Scholars agree that entrepreneurs’ networks are important during early venturing (Borgatti & Foster, 2003). Research suggests entrepreneurs’ networks are associated with obtaining new information, identifying opportunities (Burt, 2004; Granovetter, 1973), and acquiring resources (Wu, Wang, Chen & Pan, 2008). Interestingly, while research has investigated antecedents to and consequences of engaging in network relationships, most research has focused on consequences (Hoang & Antoncic, 2003). Resultantly, a gap has emerged in our understanding of how entrepreneurs’ networks develop and change over time. This is problematic because some scholars contend that changing resource needs during venture development necessitate a concomitant change in entrepreneurs’ networks to allow access to newly-needed resources (Greve & Salaff, 2003; Hite & Hesterly, 2001). If entrepreneurs’ networks need to evolve over time as resource requirements change, more research is needed studying their dynamics. To address this, we explore two questions – How does the size of an early-stage entrepreneur’s network affect the subsequent structural (e.g., size) and content (e.g., knowledge heterogeneity) character of their network? How does the strength of an early-stage entrepreneur’s network ties affect the subsequent structural (e.g., size and tie strength) and content (e.g., knowledge heterogeneity) character of their network?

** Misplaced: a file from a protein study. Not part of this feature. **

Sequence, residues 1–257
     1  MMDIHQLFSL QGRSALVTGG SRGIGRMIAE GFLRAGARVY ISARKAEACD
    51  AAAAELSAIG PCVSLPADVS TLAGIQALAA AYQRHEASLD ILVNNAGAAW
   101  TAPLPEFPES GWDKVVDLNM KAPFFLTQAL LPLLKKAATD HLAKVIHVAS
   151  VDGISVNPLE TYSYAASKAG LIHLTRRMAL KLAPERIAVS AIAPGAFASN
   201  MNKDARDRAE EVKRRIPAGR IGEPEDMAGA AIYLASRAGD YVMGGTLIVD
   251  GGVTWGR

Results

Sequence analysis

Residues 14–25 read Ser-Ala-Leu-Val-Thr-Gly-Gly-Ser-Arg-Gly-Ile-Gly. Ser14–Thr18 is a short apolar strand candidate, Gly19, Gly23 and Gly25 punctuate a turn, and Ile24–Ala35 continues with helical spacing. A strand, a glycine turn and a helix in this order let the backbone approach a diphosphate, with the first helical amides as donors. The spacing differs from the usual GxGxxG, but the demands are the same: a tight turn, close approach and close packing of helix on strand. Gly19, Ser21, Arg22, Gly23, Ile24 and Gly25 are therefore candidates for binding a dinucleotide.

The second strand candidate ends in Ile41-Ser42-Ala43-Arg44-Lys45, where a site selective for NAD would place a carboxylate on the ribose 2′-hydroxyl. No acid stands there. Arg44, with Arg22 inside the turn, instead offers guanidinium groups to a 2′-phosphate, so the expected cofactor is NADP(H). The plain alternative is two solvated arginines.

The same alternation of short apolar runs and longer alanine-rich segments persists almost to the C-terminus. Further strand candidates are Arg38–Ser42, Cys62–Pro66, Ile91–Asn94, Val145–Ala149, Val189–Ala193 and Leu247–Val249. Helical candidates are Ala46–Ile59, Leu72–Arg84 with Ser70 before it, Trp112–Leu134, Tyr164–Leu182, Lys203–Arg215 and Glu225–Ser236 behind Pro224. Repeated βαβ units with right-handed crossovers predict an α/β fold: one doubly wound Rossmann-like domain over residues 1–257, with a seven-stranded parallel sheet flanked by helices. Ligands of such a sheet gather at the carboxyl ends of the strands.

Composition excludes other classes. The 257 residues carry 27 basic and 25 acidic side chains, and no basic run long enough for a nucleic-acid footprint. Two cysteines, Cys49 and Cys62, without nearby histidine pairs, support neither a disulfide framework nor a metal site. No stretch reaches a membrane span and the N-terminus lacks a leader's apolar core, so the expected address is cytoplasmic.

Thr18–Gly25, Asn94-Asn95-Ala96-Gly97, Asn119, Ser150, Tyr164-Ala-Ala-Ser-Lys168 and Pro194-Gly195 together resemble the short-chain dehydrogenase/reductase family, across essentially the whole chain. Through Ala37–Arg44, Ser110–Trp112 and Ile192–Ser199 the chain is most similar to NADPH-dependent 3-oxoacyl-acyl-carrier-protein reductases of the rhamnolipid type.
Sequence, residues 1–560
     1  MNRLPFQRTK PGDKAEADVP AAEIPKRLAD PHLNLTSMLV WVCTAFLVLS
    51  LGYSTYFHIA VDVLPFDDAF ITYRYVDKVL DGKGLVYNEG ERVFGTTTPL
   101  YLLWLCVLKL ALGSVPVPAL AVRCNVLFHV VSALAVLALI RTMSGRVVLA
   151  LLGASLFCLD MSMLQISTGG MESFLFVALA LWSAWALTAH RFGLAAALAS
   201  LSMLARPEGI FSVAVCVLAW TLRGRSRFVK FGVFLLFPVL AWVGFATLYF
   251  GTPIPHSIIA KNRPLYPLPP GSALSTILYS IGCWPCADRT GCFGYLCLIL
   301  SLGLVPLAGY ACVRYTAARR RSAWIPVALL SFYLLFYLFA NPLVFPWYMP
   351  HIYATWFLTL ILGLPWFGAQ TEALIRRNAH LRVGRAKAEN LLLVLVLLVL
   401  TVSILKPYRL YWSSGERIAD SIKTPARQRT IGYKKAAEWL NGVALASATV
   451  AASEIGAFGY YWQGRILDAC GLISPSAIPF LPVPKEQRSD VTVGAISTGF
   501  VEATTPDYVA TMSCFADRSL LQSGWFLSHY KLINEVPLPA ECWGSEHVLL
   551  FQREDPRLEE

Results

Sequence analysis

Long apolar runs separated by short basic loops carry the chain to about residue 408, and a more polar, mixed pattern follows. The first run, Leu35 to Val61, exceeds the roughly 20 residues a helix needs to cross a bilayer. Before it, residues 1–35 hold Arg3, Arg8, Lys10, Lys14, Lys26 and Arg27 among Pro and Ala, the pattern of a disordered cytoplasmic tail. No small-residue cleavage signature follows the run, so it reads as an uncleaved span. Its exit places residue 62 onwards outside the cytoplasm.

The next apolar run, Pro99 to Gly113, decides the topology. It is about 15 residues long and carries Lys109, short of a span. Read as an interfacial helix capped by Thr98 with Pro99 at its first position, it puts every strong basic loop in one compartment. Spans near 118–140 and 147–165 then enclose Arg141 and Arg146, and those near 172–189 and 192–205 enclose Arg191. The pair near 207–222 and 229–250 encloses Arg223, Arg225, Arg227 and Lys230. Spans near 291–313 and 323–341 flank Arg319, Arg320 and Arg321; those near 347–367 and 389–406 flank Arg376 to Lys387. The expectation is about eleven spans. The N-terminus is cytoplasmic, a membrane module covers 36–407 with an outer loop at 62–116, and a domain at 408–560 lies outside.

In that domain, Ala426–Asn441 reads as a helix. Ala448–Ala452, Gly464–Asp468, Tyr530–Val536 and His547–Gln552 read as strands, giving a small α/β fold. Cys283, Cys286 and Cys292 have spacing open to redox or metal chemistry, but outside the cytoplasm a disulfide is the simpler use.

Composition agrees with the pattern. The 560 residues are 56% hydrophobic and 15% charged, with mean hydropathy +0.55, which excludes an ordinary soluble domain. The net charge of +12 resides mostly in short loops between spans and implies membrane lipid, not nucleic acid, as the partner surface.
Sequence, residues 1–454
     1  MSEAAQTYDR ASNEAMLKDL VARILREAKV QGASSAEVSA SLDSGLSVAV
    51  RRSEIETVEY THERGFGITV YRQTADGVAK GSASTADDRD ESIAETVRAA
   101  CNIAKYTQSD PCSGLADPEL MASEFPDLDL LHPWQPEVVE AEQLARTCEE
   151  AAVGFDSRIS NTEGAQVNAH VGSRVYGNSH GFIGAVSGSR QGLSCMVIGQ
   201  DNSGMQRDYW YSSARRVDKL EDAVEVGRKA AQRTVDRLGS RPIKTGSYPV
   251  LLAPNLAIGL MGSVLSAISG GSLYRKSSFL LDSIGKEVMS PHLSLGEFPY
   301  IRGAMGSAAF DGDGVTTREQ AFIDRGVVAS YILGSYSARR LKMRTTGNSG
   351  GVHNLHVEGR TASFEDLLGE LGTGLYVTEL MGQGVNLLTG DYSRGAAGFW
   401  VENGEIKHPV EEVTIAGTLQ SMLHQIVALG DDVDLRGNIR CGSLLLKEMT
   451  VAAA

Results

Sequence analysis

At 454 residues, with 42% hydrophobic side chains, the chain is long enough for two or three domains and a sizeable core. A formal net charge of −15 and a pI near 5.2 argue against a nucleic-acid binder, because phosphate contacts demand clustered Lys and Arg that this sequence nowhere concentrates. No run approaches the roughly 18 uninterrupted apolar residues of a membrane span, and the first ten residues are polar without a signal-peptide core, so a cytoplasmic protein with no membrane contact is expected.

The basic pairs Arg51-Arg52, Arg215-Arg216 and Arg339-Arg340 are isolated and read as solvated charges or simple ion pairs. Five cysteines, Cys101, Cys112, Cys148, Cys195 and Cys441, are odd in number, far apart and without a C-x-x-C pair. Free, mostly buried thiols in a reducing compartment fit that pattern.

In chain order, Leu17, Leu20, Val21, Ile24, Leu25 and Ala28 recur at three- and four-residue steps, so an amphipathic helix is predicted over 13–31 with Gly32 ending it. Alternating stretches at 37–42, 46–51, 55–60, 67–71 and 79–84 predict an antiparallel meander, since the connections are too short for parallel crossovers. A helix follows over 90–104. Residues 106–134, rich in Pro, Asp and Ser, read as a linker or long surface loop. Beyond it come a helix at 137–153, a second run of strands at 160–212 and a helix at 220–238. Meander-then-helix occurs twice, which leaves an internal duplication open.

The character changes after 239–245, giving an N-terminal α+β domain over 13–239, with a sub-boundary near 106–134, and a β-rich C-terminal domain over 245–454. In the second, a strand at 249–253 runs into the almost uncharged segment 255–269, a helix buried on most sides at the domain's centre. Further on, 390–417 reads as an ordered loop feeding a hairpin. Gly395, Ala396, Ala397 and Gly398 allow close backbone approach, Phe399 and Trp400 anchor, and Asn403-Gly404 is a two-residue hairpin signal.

Available at: http://works.bepress.com/jay_janney/4/